Jan 29 – Gold firmed on Monday as rising tensions in the Middle East lifted demand for the safe-haven asset, while markets awaited a Federal Reserve policy decision later this week for more clues on the timing of this year’s first US interest rate cut.
Spot gold was up 0.4% at USD 2,025.97 an ounce by 02:23 p.m. ET (1923 GMT).
US gold futures settled 0.4% higher at USD 2025.4.
Washington was considering its response to the first deadly strike on its forces in the Middle East since the Gaza war began after a drone attack in northeastern Jordan at the weekend killed three US servicemen and wounded at least 34.
“That has ratcheted up the tensions in the Middle East even higher, and that’s what has the money moving into the gold and silver market on a safe-haven demand basis,” said Jim Wyckoff, senior analyst at Kitco Metals.
Benchmark US 10-year bond yields slipped, increasing the appeal of non-yielding bullion.
A decision is due on Wednesday from the rate-setting Federal Open Market Committee (FOMC), which took a dovish turn in the December meeting.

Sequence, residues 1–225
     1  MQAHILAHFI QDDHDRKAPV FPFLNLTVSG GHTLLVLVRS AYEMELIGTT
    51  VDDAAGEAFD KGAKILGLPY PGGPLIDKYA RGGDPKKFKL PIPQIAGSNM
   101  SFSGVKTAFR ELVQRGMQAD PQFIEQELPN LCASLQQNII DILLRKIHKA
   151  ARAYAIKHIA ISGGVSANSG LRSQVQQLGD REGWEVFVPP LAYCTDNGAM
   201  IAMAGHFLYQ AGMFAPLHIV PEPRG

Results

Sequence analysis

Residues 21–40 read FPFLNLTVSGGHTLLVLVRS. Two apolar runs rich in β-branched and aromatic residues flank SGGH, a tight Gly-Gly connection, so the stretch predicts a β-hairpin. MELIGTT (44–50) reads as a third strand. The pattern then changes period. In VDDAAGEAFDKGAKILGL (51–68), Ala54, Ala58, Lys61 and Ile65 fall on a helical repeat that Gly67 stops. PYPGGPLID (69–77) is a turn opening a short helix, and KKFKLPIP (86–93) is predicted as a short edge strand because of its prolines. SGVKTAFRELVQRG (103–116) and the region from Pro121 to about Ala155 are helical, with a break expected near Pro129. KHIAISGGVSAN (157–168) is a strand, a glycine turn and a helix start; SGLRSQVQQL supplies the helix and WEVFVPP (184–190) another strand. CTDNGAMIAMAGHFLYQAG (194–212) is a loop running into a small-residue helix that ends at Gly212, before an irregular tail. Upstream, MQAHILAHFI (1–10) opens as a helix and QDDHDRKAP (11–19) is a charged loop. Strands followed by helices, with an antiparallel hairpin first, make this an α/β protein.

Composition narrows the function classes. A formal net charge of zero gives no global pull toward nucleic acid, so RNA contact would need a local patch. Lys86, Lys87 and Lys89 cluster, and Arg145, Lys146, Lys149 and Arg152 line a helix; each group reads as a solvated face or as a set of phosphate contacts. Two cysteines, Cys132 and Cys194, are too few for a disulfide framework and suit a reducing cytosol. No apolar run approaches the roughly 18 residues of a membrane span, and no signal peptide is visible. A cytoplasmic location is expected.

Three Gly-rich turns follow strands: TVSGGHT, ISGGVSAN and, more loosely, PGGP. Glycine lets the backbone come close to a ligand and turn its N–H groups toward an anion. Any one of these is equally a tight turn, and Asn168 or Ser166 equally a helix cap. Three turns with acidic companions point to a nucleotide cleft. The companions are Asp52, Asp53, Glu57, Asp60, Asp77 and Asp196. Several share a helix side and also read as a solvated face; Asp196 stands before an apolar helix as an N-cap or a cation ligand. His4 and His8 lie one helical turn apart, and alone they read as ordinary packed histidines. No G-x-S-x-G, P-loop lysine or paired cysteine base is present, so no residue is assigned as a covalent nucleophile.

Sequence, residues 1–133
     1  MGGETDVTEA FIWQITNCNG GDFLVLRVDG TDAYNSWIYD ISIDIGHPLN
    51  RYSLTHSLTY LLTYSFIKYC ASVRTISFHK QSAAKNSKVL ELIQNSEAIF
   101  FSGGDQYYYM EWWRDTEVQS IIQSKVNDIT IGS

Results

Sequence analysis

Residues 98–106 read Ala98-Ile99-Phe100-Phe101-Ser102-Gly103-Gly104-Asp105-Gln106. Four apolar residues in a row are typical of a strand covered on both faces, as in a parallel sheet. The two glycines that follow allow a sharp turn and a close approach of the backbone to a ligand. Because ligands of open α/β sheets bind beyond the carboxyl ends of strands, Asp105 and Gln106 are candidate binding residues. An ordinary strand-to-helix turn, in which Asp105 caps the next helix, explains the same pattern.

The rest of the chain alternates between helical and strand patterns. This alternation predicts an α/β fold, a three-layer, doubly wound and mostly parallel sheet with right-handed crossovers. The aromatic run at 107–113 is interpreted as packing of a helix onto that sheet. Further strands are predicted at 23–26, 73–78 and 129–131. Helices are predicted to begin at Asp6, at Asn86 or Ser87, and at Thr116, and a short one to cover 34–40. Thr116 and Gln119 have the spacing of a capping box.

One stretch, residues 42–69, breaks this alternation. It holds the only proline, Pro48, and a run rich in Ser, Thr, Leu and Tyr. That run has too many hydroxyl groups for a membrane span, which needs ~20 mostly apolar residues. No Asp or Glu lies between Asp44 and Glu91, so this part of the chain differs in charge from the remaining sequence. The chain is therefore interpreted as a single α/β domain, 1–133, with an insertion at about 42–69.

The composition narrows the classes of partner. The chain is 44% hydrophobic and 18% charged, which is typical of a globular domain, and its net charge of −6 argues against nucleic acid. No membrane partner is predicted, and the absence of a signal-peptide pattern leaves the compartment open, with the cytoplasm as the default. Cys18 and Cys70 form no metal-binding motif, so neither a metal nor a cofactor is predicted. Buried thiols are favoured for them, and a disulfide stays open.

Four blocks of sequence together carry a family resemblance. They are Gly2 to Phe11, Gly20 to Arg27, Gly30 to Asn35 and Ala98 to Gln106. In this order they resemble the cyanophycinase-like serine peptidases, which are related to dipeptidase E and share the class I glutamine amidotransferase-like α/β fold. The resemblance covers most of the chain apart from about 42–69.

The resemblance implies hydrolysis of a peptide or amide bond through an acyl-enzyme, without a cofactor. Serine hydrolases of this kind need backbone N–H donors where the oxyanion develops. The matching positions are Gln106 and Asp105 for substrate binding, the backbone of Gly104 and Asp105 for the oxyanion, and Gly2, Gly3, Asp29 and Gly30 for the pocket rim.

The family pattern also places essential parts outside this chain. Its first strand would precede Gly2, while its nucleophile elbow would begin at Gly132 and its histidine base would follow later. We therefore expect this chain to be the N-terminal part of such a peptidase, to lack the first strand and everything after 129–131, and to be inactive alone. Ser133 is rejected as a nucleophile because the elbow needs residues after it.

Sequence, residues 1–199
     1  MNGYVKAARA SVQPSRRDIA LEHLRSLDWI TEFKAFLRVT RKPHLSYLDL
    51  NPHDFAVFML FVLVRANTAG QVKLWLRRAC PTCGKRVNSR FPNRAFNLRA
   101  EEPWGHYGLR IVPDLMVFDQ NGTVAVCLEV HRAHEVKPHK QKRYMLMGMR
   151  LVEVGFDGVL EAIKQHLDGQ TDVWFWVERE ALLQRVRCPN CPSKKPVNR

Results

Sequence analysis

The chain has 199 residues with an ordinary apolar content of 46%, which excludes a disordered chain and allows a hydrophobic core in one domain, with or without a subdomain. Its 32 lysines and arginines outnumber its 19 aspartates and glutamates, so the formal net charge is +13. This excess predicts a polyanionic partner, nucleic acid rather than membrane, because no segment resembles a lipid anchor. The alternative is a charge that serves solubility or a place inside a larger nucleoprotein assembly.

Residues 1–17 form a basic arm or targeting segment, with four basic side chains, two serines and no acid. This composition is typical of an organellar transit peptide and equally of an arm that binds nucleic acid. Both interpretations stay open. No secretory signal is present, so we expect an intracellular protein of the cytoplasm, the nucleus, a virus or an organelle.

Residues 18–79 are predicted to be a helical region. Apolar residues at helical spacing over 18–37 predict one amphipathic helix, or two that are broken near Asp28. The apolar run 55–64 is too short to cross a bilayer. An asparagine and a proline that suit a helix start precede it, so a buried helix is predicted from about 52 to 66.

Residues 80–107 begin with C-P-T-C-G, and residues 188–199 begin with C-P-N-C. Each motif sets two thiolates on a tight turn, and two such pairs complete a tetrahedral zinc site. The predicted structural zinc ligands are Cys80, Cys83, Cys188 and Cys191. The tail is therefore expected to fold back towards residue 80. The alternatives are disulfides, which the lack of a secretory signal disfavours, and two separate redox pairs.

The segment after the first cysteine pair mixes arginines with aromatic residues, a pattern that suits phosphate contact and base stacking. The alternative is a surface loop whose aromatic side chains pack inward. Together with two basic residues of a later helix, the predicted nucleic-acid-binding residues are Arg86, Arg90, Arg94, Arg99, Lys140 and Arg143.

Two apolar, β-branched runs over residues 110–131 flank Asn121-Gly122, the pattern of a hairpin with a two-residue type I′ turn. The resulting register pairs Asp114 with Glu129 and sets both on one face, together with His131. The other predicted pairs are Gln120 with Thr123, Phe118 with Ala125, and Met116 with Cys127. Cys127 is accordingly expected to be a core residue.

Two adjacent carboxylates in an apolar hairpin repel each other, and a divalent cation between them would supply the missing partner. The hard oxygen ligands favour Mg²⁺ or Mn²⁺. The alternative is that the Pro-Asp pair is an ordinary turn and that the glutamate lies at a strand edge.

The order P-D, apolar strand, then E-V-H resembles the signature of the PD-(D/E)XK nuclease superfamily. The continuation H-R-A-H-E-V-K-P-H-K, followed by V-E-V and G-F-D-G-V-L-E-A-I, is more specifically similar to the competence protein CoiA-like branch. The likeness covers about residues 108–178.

“This FOMC meeting will show some guidance on when the first interest rate cut might come, and whether the Fed will lean dovish or hawkish on its monetary policy,” Wyckoff added.
Last week data showed moderate growth in US prices in December, keeping annual inflation below 3% for a third consecutive month and potentially allowing the Fed to begin cutting interest rates this year.
A Reuters poll showed on Monday that uncertainty about the economy and US interest rate cuts could drive record gold prices in 2024.
Spot silver was up 1.2% at USD 23.11 an ounce, hitting its highest level since Jan.16, while platinum rose 1.3% to USD 925.20. Palladium gained 2.1% to USD 975.35.
(Reporting by Anushree Mukherjee in Bengaluru; Editing by Jan Harvey and Krishna Chandra Eluri)